It’s as if Peter is saying: Christian, remember how patient God is with you. First, God could easily have decided to bring about judgment day at any time before you knew His Son Jesus, but because He did not want you to perish, He chose to patiently wait for you to know Jesus first. Second, God is patient with you in that He wants to use you to reach others who do not know His Son Jesus Christ. He has chosen you to be His instrument to let them know about the mercy and salvation that are in Jesus Christ, and so He patiently waits for you to go out there and tell others about Him. He’s patient with you.
So before we accuse God of not doing anything to judge evildoers, let’s remember why God’s judgment day has not yet come. It’s not because God is slow, lazy, negligent, indifferent or irresponsible. It’s because God is patient with us.
Job 24:18-25 (NIV) 18 “Yet they are foam on the surface of the water; their portion of the land is cursed, so that no one goes to the vineyards. 19 As heat and drought snatch away the melted snow, so the grave snatches away those who have sinned. 20 The womb forgets them, the worm feasts on them; evil men are no longer remembered but are broken like a tree. 21 They prey on the barren and childless woman, and to the widow show no kindness. 22 But God drags away the mighty by his power; though they become established, they have no assurance of life. 23 He may let them rest in a feeling of security, but his eyes are on their ways. 24 For a little while they are exalted, and then they are gone; they are brought low and gathered up like all others; they are cut off like heads of grain. 25 “If this is not so, who can prove me false and reduce my words to nothing?”
On verses 18-25: It’s a strange transition, isn’t it? In verses 1-17 Job is questioning why God seems slow to judge evildoers. Yet here in verses 18-25 Job seems to contradict himself by talking about how evil doers are cursed (v18), snatched away suddenly (v19), forgotten (v20), dragged away by God (v22) and “cut off like heads of grain” (v24). What is going on with Job? All of a sudden Job is sounding a lot like his companions Eliphaz, Bildad and Zophar. Is Job finally agreeing with his friends? Is Job admitting that he is one of those wicked people that God has cut down in his prime? No. This is not Job admitting his own wrongdoing. At this point Job still thinks of himself as blameless. That is why throughout this chapter Job refers to evildoers in the third person, saying they steal, theymurder, and they mistreat the poor.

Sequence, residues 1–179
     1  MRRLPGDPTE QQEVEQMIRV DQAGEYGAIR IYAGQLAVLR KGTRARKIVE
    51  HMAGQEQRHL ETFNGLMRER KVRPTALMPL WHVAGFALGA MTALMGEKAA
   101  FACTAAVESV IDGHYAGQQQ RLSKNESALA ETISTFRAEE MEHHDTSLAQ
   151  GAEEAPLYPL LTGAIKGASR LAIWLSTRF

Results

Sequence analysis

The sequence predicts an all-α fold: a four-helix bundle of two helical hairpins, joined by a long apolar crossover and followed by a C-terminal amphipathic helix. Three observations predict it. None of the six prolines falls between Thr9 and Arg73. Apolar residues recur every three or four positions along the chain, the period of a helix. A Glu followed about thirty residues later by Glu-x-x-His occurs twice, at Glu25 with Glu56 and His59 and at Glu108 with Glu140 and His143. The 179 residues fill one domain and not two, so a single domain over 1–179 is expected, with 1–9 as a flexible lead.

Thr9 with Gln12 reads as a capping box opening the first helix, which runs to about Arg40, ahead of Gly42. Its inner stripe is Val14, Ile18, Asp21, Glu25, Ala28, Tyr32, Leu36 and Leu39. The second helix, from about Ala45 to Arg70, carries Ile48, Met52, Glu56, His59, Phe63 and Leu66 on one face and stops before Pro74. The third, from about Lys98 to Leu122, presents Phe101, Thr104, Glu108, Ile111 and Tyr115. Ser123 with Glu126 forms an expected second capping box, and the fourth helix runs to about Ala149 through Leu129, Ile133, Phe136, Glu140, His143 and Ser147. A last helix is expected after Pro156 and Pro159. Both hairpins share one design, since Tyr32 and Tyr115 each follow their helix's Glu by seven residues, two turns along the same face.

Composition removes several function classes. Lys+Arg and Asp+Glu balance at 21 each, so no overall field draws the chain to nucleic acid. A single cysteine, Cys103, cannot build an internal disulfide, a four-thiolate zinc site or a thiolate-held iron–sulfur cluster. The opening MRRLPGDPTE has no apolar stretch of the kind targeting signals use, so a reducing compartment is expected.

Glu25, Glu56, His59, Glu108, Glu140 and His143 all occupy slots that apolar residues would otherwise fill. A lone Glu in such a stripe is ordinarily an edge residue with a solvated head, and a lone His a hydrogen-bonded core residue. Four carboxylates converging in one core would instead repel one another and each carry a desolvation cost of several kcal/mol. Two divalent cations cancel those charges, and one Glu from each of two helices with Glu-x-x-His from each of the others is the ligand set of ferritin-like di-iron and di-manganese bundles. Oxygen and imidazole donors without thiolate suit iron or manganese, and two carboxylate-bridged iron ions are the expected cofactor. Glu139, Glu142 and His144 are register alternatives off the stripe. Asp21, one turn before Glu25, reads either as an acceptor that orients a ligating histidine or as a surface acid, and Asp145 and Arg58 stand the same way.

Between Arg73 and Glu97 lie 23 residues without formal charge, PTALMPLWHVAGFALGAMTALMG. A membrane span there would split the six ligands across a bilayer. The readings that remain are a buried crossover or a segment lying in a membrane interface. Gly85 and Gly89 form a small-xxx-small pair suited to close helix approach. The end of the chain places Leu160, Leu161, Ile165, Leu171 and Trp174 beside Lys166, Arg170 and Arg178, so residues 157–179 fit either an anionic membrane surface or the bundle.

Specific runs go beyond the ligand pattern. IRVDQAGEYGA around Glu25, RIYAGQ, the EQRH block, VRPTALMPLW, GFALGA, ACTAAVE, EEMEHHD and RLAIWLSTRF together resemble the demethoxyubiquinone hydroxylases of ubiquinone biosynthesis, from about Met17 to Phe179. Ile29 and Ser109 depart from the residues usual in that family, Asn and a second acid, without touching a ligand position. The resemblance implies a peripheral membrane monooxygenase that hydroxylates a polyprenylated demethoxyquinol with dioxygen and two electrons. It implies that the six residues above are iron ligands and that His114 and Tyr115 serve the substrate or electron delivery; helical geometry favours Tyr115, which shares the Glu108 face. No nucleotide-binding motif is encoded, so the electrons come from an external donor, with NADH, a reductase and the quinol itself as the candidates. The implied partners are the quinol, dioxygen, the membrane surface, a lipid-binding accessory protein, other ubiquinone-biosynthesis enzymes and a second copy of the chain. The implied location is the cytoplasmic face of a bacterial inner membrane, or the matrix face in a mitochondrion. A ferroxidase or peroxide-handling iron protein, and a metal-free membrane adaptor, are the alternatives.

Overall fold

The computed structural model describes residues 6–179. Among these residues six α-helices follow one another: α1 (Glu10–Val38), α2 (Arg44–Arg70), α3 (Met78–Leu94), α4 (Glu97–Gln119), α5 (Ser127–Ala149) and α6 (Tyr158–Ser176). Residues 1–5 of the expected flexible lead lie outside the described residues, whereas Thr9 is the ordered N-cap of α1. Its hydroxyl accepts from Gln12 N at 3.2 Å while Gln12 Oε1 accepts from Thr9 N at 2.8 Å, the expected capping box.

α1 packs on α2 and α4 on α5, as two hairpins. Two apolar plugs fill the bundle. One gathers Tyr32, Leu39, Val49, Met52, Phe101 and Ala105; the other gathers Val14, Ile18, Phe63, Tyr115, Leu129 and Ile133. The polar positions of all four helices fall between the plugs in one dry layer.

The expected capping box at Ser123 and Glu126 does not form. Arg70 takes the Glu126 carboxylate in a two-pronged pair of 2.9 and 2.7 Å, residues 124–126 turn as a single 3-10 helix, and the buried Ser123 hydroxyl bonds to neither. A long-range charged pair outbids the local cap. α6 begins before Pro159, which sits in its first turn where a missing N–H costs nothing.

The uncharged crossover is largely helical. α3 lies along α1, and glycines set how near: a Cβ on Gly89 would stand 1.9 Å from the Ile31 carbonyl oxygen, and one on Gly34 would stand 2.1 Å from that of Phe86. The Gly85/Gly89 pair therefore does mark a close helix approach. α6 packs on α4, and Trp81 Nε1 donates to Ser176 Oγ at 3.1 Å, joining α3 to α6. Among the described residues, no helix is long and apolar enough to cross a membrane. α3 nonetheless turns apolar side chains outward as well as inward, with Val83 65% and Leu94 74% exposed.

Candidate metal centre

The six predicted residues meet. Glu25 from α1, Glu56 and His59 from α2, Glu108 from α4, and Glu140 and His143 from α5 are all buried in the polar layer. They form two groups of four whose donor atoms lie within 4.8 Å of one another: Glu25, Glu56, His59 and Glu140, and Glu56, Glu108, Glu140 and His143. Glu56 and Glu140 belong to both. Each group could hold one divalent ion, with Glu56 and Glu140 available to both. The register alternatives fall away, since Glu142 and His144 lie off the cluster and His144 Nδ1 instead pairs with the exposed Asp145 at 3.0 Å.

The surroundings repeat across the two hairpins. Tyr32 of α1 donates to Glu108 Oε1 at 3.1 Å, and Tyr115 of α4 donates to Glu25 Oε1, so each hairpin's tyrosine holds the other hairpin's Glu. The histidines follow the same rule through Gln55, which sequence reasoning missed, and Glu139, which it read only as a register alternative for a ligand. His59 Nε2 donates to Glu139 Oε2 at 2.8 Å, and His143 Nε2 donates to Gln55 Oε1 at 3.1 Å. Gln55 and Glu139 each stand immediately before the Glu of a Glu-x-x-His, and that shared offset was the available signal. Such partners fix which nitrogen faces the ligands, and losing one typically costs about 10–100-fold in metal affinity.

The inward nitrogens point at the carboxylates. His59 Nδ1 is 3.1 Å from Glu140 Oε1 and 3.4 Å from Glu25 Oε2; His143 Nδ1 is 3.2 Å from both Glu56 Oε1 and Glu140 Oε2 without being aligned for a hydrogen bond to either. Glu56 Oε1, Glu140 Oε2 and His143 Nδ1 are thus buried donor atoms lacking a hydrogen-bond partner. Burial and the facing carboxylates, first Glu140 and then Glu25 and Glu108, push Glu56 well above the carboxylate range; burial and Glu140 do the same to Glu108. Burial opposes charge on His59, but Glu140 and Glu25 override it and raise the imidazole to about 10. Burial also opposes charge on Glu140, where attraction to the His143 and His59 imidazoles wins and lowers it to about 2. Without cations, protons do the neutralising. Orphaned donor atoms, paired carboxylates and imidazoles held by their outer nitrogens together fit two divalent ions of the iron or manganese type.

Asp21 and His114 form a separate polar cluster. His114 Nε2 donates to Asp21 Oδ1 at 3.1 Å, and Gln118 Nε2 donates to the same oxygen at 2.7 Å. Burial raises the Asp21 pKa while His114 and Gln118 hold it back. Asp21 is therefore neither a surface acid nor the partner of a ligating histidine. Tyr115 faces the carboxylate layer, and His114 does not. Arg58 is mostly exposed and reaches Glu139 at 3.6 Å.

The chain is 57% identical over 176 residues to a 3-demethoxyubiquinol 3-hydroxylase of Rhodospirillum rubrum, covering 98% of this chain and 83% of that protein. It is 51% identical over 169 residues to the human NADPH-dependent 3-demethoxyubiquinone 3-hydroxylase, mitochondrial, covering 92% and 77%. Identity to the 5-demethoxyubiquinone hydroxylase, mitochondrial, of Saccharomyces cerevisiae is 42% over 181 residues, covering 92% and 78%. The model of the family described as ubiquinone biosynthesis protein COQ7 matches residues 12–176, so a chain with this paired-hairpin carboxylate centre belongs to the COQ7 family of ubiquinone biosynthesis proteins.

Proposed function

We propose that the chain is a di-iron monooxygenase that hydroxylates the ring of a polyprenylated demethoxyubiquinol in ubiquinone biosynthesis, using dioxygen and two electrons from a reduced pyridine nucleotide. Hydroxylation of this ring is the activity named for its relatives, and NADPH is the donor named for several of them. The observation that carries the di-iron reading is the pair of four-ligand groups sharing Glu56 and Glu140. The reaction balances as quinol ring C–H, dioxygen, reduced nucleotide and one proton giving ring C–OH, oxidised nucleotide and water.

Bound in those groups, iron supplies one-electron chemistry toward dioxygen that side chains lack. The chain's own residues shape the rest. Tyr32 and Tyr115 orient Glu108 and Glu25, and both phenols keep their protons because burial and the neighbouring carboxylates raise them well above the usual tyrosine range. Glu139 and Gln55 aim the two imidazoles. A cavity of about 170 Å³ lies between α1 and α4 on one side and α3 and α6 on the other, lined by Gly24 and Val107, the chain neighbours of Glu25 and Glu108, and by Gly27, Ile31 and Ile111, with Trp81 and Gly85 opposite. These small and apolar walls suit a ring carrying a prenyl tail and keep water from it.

So what is going on? Scholars differ in their interpretation of verses 18-25. Some scholars believe that Job is actually pronouncing a curse on evildoers, such that, for example, verse 20 should read like a prayer: “May the womb forget them, may the worm feast on them, may evil men no longer be remembered but be broken like a tree.” Others believe that in verses 18-20 Job is paraphrasing his friends’ earlier arguments about how God cuts off the wicked and then in verses 21 to 25 he is rebutting those arguments (see the ESV translation of verses 18-25).
This is a difficult passage to interpret. When we take the Scriptures here at face value without reading additional language into the passage, it would seem that Job is a conflicted man. On one hand, he wonders why God is not quick to judge evildoers; on the other hand, he is still confident that somehow, some way and some day, evildoers will get the punishment they deserve. You and I can be the same sometimes. We may question God’s methods and timing, but in the end we believe somehow God will work it all out for good. That kind of internal conflict is natural, normal and part of working out one’s faith. It’s trusting that we may not have all the answers now, but one day it will all make sense in the end (1 Corinthians 13:12).
Heavenly Father, thank You that You are patient with all of us, not wanting any of us to come to perish, but all of us to be saved. In Jesus’ name, AMEN!